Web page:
Koraishi," observes Zamil bin Siddique, a senior sub-editor
of the Daily Prothom Alo. Zamil also praises the pre-independence
efforts of Monir Chowdhury in translating Shakespeare.
1971, it was Zafar Alam who single-handedly translated the
works of Krishan Chandr, Ismat Chugtai and Prem Chand from
Urdu. Abdus Sattar remained the only exponent of Arabic translation,
he worked on Nagib Mehfuz and Taufique al Hakim.
the theatre movements of the 1970s and the 1980s that spurred
many writers to pick up the pen to translate some major works.
"Syed Haq translated Macbeth and Tempest as well as Julius
Caesar, which was adapted in Bangla and was called Gono Nayok,"
also believes that Sheba Prokashoni, with their concise versions
and lucid language, has been able to capture the imagination
of the younger readers. He extols their effort in bringing
out concise versions of Mahabharata and Ramayana. But, Alam
disagrees. According to him, most of what this popular publisher
churned out in the last three or so decades are "efforts
to mimic the story lines of the original works, they seldom
take into account the artistic verve that a good piece of
1990s, there has been a steady rise in the number of translation
of books that had fetched international awards. And they lack
all that is essential to call a translation a work of literature.
From Arundhati Roy to Salman Rushdie, most awarded writers
have enjoyed getting translated in Bangla. These works severely
lack artistic merit.
is Khaliquzzaman Illias, who wrote Myth-er Shokti from Joseph
Cambel's The Power of Myth, and Gulliver's Travels in Bangla,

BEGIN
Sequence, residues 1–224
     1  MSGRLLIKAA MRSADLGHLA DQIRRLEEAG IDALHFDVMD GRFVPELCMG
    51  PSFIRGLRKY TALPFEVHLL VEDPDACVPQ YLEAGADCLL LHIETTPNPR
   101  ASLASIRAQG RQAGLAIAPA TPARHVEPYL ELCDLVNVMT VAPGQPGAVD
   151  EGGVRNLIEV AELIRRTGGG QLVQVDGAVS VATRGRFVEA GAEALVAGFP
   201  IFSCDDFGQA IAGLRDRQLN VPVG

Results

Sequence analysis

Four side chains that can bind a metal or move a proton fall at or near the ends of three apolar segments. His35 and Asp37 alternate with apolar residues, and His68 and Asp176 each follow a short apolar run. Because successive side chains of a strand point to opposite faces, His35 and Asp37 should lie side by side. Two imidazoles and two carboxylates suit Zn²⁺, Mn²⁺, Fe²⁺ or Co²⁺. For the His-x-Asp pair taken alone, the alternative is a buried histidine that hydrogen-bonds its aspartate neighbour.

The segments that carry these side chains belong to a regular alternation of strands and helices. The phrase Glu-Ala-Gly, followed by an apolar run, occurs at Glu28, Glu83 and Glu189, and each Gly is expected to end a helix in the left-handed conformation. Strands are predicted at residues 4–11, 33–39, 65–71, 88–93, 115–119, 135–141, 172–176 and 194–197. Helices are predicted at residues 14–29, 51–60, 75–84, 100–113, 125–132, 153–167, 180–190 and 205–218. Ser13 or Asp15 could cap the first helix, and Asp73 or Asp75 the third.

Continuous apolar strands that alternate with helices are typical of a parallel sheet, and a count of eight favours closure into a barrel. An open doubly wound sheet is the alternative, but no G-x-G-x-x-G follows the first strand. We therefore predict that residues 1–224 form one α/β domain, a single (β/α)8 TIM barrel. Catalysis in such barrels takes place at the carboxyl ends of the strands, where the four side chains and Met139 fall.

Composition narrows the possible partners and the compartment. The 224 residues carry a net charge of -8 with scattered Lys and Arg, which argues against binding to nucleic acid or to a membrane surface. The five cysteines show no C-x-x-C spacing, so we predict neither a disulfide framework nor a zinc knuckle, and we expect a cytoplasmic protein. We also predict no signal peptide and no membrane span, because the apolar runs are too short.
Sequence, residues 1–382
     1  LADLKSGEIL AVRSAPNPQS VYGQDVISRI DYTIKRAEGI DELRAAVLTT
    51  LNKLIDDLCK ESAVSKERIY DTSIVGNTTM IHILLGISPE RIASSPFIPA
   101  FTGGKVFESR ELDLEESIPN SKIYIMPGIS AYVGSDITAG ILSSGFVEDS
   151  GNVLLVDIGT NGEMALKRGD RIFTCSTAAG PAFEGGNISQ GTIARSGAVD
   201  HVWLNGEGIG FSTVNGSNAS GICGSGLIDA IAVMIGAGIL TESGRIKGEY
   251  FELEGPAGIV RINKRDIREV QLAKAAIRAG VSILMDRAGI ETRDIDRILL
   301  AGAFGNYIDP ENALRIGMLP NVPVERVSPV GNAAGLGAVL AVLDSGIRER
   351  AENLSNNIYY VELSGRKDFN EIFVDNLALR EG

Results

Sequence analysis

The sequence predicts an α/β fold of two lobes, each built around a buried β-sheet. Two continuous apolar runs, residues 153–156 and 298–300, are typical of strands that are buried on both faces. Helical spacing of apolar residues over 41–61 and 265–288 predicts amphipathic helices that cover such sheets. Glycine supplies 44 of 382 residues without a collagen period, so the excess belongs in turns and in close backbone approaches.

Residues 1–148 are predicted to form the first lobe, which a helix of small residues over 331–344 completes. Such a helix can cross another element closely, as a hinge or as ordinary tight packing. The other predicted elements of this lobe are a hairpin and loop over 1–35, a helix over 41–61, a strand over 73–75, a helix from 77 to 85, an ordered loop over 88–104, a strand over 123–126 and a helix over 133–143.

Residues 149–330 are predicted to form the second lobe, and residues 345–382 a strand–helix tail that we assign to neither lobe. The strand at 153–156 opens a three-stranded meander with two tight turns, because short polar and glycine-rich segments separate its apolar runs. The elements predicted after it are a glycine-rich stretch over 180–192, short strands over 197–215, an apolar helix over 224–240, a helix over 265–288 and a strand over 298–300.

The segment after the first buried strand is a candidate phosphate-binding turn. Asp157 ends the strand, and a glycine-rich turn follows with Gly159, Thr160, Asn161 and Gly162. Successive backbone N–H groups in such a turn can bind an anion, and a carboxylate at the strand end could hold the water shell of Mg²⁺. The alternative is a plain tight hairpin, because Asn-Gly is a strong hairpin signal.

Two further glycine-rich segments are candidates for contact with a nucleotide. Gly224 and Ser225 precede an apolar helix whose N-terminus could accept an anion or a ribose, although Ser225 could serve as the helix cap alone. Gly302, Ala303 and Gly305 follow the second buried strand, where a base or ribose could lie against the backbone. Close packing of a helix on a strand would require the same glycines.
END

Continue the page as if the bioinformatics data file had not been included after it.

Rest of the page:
upon whom the hope of getting a good translation could be
rested. He also translated Sholokov that came out from Mukta
Dhara, a publishing house that used to concentrate on cheap
production. Roshomon is another of his much-talked about translations.
Illius and a few like Shibobroto Bormon and GH Habib are the
ones who often resort to the English versions of the original
work. Habib translated the much celebrated One Hundred Years'
of Solitude and Italo Calvino's Invisible City and Bormon
did an excellent job with VS Naipaul's Miguel Street, and
Sayed Wahliullah's French writings like How to Cook Beans
and Ugly Asian; they subsequently came out in the special
supplements of Prothom Alo.
good translators are quite a few, there are some who bring
a breath of fresh air to the literary scene as well as the
world of knowledge. One such translator is Salimullah Khan,
who translated Orientalism by Edward Said. Now, one of his
series of Plato's writings from Greek are to hit the market
this month. "It is coming out under the rubric of Plato's
Collected Works containing three Socratic dialogues,"
says the translator. Khan also did the translation of Dorethy
Soelle from the German original back in 1998. As for Plato,